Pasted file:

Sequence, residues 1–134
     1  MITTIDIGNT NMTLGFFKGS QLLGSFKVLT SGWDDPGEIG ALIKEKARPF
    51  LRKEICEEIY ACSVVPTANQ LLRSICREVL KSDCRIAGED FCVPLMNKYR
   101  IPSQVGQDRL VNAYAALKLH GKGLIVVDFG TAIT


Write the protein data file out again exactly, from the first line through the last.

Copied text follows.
Sequence, residues 1–134
     1  MITTIDIGNT NMTLGFFKGS QLLGSFKVLT SGWDDPGEIG ALIKEKARPF
    51  LRKEICEEIY ACSVVPTANQ LLRSICREVL KSDCRIAGED FCVPLMNKYR
   101  IPSQVGQDRL VNAYAALKLH GKGLIVVDFG TAIT